Palm Springs Film Festival, II
I didn't make it to the Botanical Gardens, But I did watch the full moon rise over the San Jacinto Mountains and spotted a small owl on tree limb near the hotel. On a more sublunary note I chatted with some of the local volunteer festival drivers about the outlook for the area during the current economic crisis (answer: bad). And I also saw some movies, most of which, unlike those in some festivals and no doubt because of their origins as their countries' Oscar nominees, have been well above average. Which makes for some rewarding viewing now, but might pose difficulties later when we have to choose just one, and a Best Actor and Best Actress, for our prizes.
One thing these films have in common with those in just about everry film festival, however, are the strange motifs and patterns that emerge. It might be too early to make generalities, but how likely is it that in two films made in different languages in countries thousands of miles apart would include a near identical sequence of two people engaged in energetic sex in crummy rooms followed by a cut to them eating pizza? Cigarettes, I can see, but pizza is something new.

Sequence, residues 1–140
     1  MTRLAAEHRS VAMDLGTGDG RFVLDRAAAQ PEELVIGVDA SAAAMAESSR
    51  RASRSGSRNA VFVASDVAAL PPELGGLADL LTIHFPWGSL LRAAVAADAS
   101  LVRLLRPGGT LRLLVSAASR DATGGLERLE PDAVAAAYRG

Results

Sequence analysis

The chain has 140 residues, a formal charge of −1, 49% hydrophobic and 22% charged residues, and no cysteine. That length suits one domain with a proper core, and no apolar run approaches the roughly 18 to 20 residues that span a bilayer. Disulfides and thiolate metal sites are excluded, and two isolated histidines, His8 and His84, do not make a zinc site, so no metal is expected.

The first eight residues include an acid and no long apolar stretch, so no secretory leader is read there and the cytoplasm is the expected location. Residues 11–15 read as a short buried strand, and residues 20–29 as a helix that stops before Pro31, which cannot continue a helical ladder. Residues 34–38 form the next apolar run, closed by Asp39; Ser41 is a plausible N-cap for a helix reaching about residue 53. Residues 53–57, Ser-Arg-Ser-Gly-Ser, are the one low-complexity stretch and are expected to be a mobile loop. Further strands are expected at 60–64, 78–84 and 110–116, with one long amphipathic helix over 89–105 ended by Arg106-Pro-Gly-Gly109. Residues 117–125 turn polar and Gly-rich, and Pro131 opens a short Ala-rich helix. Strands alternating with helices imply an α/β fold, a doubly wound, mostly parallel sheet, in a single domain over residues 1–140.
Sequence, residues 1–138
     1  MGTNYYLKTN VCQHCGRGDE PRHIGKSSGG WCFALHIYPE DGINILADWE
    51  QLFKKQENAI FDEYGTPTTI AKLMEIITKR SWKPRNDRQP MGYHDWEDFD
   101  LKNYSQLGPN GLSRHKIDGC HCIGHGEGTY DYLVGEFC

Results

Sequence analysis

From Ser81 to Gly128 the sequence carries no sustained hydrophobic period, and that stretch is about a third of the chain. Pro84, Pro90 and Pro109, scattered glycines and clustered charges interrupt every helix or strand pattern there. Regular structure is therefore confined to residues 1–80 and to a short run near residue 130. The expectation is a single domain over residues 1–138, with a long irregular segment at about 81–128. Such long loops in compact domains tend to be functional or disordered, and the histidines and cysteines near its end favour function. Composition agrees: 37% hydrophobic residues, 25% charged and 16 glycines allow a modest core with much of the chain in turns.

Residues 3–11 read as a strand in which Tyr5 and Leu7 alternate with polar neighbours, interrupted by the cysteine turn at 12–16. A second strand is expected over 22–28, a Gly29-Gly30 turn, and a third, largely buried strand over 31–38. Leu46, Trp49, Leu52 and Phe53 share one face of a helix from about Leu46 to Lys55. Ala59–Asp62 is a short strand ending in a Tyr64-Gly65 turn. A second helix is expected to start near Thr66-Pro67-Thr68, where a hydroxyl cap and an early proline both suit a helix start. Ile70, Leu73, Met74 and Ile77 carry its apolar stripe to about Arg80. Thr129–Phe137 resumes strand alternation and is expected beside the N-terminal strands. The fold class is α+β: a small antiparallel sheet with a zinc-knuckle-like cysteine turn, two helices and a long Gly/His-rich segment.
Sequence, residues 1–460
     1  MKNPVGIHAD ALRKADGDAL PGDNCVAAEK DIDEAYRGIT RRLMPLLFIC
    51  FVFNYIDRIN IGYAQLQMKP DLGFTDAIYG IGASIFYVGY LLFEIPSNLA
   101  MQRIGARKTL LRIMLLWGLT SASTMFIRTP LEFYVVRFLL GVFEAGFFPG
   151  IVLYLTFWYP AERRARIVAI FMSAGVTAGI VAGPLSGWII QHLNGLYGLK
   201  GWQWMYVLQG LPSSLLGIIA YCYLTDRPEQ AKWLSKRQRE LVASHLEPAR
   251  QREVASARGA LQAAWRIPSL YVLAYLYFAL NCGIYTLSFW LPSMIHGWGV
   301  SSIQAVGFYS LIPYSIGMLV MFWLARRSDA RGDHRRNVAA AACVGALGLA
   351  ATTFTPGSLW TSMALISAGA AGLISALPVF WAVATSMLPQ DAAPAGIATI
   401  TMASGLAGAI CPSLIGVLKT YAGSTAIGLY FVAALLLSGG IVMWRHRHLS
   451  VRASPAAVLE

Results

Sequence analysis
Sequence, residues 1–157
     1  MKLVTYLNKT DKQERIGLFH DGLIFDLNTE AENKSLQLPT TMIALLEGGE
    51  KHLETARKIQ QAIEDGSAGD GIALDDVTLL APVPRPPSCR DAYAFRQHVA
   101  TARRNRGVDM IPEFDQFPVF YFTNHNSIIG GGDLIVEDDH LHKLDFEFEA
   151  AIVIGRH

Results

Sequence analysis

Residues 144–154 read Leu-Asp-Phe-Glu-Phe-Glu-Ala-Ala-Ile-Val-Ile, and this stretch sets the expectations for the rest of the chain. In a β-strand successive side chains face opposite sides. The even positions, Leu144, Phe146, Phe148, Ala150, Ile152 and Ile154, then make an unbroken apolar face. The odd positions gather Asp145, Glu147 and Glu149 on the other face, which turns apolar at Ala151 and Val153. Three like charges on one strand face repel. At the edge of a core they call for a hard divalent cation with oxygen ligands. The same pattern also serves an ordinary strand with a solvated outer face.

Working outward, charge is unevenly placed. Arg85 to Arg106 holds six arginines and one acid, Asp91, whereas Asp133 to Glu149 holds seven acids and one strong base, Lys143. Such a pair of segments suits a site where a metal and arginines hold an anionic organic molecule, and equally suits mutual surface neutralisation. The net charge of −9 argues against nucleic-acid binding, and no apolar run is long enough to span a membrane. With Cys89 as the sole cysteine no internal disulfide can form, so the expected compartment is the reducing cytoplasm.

One of those films is "Revanche" by the Austrian director Gotz Spielmann, a noirish, existential thriller that combines the detached, scolding sadism of Michael Haneke with the cold whimsy of Chabrol and with a light touch of Wim Wenders's humanistic, atmospheric angst of the "The American Friend" period. The lead actor even remembers Bruno Ganz from the latter film, louche and hangdog and with a fu manchu, thinning hair and a handgun. Though with a couple of missteps in plausibility, "Revanche" looks like a contender.
The second film with the sex and pizza motif is Bruno Baretto's "Last Stop 174," which, as he pointed out in the Q & A following the screening. was inspired by the 2000 documentary "Bus 174" about a notorious incident in which a street punk held a bus hostage on one of Rio's main drags for six hours while millions watched the events unfold on TV. Unlike the documentary, Baretto's film focuses on the perpetrator's back story, spinning a lurid tale of children brutally separated from their mothers, mistaken identity, flamboyant violence, and sex followed by pizza. The result fuses "City of God" (which was also written by "174"'s screenwriter) with "Dog Day Afternoon," with the former not quite adding up to the latter. As Baretto put it, it's "Charles Dickens in Rio." Or in other, more marketable words, "Slumdog Millionaire" in Brazil.